U.S. sheep seized in mad cow scare

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Wednesday March 21 11:19 AM ET


U.S. Sheep Seized in Mad Cow Scare

By WILSON RING, Associated Press Writer

GREENSBORO, Vt. (AP) - Federal officials on Wednesday seized a flock of sheep feared infected with a version of mad cow disease, the first such seizure of any U.S. farm animals.

Houghton Freeman's flock of 234 sheep is one of two at the center of protests over the Agriculture Department's order last July that they be seized and destroyed. The department says the sheep, imported from Belgium, could be carrying a disease akin to mad cow disease and had quarantined them since 1998.

A lawyer for Freeman who was monitoring the seizure called it ``sad, depressing and a rushed judgment.

``This is so unnecessary,'' said Thomas Amidon, who had hoped the federal government would delay the seizure until after a federal appeals court heard arguments next month.

USDA spokesman Ed Curlett said inspectors arrived shortly after 6 a.m. Two trucks were loaded by 11 a.m. and left the farm.

The sheep were to be taken to federal laboratories in Iowa so samples can be taken from their brains for study. The animals will eventually be destroyed.

Curlett said the seizure was the first of any cow or sheep in the United States under suspicion of having an illness related to mad cow disease.

The second disputed flock, believed to be about 140 sheep, is owned by Larry and Linda Faillace of East Warren. Those animals were to be seized later, and the owners will receive notice the night before the seizure, as Freeman did, Curlett said.

``We assume they're coming tonight,'' Linda Faillace said Wednesday, standing in her small barn surrounded by several dozen sheep.She said she felt ``anger, frustration, disbelief,'' and accused the USDA of failing to heed science.

``That's what makes us so angry. USDA builds up public hysteria over a species that doesn't get the disease,'' she said.

USDA veterinarian Linda Detwiler said the agency stands by its tests.

While the seizure was a first, another flock of 21 sheep from the same family of sheep was voluntarily turned over to government officials last summer by their Lyndonville owner. The sheep were destroyed.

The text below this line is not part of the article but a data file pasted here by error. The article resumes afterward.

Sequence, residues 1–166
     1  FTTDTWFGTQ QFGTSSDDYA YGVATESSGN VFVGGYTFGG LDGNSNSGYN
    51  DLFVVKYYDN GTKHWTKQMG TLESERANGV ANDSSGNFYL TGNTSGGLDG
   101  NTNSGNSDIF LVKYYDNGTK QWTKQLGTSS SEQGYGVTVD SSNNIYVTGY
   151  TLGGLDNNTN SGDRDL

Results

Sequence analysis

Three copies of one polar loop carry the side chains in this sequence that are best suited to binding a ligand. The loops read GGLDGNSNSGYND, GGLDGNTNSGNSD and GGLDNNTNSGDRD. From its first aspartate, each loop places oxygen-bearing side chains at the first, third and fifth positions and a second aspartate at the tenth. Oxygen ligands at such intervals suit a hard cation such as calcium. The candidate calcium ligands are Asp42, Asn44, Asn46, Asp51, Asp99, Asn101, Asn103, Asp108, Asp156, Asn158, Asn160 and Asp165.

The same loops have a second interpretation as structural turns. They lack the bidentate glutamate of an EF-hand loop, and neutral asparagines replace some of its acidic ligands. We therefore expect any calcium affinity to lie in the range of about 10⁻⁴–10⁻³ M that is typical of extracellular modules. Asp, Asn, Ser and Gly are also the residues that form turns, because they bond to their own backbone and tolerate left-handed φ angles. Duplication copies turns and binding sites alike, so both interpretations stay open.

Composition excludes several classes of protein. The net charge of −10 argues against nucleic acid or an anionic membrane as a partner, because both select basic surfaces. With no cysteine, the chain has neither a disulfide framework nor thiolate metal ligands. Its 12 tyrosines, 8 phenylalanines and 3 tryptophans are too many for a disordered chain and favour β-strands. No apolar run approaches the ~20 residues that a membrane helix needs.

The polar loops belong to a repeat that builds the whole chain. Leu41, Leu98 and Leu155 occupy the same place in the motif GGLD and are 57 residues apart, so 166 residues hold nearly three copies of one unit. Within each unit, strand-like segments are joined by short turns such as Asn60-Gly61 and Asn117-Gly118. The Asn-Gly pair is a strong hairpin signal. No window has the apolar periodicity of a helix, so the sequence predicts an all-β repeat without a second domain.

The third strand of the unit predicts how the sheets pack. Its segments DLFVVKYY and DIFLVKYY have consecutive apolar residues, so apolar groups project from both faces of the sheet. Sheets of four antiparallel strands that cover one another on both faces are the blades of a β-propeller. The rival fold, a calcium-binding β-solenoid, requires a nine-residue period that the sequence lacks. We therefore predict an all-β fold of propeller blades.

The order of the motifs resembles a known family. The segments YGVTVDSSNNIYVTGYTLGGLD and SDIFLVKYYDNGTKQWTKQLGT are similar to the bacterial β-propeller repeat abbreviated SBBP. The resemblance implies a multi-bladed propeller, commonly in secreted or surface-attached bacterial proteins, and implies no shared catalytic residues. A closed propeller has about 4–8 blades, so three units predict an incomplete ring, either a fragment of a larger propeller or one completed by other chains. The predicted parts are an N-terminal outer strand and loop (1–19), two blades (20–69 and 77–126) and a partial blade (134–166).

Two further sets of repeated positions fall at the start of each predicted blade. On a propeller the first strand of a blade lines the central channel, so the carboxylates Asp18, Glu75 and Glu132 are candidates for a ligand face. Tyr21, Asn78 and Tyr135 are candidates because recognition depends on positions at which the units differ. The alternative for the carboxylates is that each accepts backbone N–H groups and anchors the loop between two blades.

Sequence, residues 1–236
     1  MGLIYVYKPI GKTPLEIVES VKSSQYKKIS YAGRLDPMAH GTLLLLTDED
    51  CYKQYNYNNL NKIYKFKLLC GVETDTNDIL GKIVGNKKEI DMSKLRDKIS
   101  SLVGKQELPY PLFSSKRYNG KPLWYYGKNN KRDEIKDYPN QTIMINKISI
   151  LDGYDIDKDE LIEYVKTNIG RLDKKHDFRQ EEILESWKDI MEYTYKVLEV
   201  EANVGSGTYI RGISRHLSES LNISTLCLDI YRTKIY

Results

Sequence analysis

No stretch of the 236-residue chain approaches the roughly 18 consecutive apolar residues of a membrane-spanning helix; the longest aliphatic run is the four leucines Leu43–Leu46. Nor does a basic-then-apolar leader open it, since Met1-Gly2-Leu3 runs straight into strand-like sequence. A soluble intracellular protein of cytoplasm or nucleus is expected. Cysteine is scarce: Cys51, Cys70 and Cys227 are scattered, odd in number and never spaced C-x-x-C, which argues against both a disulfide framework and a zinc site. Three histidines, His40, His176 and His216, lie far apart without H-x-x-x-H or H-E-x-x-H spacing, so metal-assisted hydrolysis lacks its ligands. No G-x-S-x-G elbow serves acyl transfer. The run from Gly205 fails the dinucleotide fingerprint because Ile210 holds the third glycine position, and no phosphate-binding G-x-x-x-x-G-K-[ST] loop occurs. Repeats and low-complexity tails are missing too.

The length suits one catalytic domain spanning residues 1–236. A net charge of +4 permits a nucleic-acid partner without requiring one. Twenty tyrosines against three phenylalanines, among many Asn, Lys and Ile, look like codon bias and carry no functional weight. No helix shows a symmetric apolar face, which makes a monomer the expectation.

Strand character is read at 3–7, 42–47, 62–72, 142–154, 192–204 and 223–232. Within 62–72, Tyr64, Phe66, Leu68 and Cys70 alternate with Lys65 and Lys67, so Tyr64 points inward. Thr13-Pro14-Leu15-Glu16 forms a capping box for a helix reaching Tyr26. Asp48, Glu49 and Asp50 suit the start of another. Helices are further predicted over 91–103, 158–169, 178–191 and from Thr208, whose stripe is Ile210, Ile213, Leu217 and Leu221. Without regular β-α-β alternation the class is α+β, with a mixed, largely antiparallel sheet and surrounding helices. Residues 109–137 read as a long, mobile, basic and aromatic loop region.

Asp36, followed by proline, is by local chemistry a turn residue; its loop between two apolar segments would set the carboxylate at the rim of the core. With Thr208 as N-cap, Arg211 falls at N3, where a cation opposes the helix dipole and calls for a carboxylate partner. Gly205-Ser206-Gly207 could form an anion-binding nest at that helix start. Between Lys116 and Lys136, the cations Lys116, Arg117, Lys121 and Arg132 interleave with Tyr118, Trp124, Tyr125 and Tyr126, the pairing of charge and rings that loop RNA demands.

The seizure at the Freeman farm came one day after supporters of the owners held their latest protest, marching to the Vermont offices of the state's three congressional delegates. All three - Democratic Sen. Patrick Leahy, Republican Sen. James Jeffords and independent Rep. Bernard Sanders - have supported the seizure.

``Too little is yet known about this disease, but we do know that it is deadly and that it has the potential to spread quickly, widely and insidiously if not handled early. We wish there was a sound alternative to the removal of these flocks, but there is not,'' they said in a joint statement last week.

The government says the sheep may have been exposed to mad cow disease through contaminated feed before they were imported from Europe in 1996. The owners say the sheep are healthy and the tests are not conclusive, and they have urged more extensive tests.

After losing their case in U.S. District Court in February, the Faillaces and Freeman appealed and asked that the seizure order be put on hold until the case had worked its way through the courts. The circuit court refused to stay the seizure order last week but said it would hear the appeal.

The USDA maintains that four sheep from Freeman's flock showed signs of transmissible spongiform encephalopathy. That is a class of neurological diseases that includes both bovine spongiform encephalopathy, or mad cow disease, and scrapie, a sheep disease that is not harmful to humans.

The government says the sheep may have been exposed to mad cow disease through contaminated feed before they were imported from Europe in 1996.

The human version of BSE, which like the animal version has a lengthy incubation period, has killed almost 100 people in Great Britain since 1995, when it virtually wiped out the British beef industry.

Scrapie has been in the United States since at least 1947, but there are no known domestic cases of mad cow disease. USDA says destroying the sheep would eliminate them as a possible source of BSE.

BSE has been transmitted to sheep experimentally through the feeding of small amounts of infected cattle brain. Testing to determine whether the Vermont sheep have scrapie or BSE would take two to three years to complete, USDA says.

-- Swissrose (cellier3@mindspring.com), March 21, 2001

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